Introduction: Berlese Funnel

A berlese funnel is a device that is used to extract insects from soil and litter samples. It was invented by Antonio Berlese and later improved. by Tullgren. Basically, it uses a heat source (in this case a light bulb) to dry the sample, forcing the insects through a screen and into a jar of preserving fluid. It is a useful tool for attaining cryptic species that would otherwise evade even the most avid collector.

Step 1: Materials

Materials; These are the materials that I used, but I just used what I had around. Please feel free to take the idea here and modify it. 
-1 gallon tractor funnel; I ordered mine through ace hardware for about $16
-Reflector light fixture (That's the only thing I know to call it. I got mine at tractor supply for  brooding chicks and quail.)  It should have a diameter equal or greater than that of the funnel, but if you find one with equal diameter it looks cleaner. The funnel and light used here both measure about 10". 
-cat litter bucket; The funnel sat well in this bucket, so I used it. Basically, you just need to suspend the funnel above the killing jar.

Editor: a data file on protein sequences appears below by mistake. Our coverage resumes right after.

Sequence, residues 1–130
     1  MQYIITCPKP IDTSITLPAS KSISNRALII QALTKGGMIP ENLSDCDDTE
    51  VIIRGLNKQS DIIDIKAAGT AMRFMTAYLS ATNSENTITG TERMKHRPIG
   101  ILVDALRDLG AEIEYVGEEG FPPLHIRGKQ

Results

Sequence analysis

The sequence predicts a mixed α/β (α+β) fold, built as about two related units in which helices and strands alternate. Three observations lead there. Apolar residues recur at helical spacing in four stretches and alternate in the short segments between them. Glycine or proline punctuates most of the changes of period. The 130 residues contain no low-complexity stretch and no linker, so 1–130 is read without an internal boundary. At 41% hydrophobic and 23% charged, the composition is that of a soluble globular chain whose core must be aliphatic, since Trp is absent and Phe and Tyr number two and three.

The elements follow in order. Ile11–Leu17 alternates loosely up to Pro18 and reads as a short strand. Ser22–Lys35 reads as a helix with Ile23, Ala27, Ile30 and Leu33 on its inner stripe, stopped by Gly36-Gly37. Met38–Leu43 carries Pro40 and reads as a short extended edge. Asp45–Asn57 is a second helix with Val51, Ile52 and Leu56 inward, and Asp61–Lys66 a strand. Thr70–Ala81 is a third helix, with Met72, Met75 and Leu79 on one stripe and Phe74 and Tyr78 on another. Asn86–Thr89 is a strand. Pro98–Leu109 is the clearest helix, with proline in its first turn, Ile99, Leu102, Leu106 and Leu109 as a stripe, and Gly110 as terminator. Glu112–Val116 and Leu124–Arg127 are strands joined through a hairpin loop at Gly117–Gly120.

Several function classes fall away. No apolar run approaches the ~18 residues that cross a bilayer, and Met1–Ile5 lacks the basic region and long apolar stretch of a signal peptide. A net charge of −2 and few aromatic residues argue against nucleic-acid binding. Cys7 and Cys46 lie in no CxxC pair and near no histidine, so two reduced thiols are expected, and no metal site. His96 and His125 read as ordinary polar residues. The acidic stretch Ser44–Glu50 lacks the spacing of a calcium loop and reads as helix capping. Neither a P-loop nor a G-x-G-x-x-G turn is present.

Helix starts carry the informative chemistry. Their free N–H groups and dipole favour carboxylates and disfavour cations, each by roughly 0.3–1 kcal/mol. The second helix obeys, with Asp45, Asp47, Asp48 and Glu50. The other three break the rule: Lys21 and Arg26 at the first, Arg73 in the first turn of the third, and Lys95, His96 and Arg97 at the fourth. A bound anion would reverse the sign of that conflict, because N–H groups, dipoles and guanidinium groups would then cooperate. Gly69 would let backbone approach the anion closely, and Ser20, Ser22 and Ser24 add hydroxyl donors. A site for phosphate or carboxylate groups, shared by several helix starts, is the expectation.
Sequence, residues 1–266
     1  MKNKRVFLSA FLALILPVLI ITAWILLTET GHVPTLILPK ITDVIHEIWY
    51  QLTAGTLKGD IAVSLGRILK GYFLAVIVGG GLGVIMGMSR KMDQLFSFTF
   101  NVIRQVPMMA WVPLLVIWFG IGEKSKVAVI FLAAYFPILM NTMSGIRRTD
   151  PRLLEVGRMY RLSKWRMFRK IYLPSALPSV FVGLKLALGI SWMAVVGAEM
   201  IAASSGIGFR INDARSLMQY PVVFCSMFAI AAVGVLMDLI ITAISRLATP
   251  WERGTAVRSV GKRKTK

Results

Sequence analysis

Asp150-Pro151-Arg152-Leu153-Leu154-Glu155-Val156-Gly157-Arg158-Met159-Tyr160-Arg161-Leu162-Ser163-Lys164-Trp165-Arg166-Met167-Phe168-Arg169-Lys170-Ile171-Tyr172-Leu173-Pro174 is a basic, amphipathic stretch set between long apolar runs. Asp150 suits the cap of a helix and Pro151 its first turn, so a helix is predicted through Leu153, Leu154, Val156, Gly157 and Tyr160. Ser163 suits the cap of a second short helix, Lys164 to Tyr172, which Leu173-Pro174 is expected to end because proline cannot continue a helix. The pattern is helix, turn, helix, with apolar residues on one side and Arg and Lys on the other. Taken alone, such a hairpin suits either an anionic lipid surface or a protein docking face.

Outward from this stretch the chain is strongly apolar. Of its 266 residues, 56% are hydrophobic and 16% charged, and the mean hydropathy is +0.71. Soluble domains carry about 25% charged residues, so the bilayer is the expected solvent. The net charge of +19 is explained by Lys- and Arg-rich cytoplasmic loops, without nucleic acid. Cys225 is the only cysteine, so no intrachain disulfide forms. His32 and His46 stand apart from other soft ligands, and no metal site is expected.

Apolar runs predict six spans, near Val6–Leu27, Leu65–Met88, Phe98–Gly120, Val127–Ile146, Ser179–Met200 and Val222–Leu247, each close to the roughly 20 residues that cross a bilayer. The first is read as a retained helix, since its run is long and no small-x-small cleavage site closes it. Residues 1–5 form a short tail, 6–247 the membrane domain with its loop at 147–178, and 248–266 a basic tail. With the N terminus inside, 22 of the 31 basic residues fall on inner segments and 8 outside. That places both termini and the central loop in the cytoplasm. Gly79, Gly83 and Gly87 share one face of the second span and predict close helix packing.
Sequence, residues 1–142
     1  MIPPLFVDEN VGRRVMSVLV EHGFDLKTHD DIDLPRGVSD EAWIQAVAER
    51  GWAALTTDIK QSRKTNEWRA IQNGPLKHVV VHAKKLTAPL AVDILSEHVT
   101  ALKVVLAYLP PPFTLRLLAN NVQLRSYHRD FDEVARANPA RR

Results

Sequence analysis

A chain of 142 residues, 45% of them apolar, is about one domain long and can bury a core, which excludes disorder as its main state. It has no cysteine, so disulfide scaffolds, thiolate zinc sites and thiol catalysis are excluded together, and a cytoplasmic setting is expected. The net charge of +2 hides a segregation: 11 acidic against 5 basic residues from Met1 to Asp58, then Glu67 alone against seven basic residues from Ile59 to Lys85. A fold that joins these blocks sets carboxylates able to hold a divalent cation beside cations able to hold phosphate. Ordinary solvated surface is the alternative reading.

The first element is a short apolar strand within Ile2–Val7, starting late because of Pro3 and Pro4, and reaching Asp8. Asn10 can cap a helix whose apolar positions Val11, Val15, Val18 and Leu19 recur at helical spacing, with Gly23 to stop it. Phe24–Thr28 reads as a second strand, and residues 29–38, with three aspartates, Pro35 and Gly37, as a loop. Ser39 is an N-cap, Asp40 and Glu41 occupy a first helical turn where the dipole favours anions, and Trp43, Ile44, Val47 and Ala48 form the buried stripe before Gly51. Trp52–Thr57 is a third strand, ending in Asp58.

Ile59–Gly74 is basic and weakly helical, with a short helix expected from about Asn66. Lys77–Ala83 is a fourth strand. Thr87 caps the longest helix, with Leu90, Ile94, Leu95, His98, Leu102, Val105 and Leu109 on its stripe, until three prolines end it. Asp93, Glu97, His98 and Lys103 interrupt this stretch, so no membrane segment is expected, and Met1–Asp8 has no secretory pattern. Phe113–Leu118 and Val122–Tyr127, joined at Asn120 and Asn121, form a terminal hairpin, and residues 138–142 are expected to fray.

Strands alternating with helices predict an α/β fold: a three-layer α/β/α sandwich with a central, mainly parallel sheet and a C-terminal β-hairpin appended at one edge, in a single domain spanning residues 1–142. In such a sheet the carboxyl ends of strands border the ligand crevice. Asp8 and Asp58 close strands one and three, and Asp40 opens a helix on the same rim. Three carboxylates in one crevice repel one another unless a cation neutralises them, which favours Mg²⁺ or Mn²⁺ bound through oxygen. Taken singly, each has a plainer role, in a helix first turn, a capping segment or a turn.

- 1/4" wire mesh cut to fit snugly into the funnel.
-Mid sized jar; Nothing Special.
-Clothes pin
-Some flexible wire; a few inches will suffice. 
-light bulb; I'm not sure what the best wattage of bulb is best here, so experiment. Just don't leave it alone and accidentally catch your house on fire.

Step 2: Putting It Together.

There are a few modifications that need to be made so that the pieces fit together. First, I cut one side of the bucket out so that the collection jar could be removed without disassembling the entire thing. Next, I punched a hole in the funnel and ran the wire through it to create a rudimentary hinge. FInally, I cut the tip of the clothespin off, so that it could clamp the light fixture to the funnel. The funnel was then placed in the bucket and the jar under the funnel. The jar can be empty to collect live specimens, or have a few inches of rubbing alcohol in the bottom.

Step 3: Results

I have only tested it once, but the results were quite good. It was still cold, so I used some active compost as the litter, since it was warm enough to contain insects. From just a couple handfuls of compost I collected  countless springtails as well as a number of larvae. For more info and results, check out